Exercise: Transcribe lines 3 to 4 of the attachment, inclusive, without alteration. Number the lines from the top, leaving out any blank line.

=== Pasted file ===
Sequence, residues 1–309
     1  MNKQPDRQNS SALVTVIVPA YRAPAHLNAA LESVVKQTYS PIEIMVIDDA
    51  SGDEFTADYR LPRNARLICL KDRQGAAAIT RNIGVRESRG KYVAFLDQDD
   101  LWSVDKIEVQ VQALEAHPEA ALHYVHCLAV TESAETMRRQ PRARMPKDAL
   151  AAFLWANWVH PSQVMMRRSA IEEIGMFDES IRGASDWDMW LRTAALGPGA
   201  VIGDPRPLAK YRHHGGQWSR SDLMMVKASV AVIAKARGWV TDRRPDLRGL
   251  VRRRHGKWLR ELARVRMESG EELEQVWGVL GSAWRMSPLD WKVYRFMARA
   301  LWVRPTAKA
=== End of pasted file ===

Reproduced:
    51  SGDEFTADYR LPRNARLICL KDRQGAAAIT RNIGVRESRG KYVAFLDQDD
   101  LWSVDKIEVQ VQALEAHPEA ALHYVHCLAV TESAETMRRQ PRARMPKDAL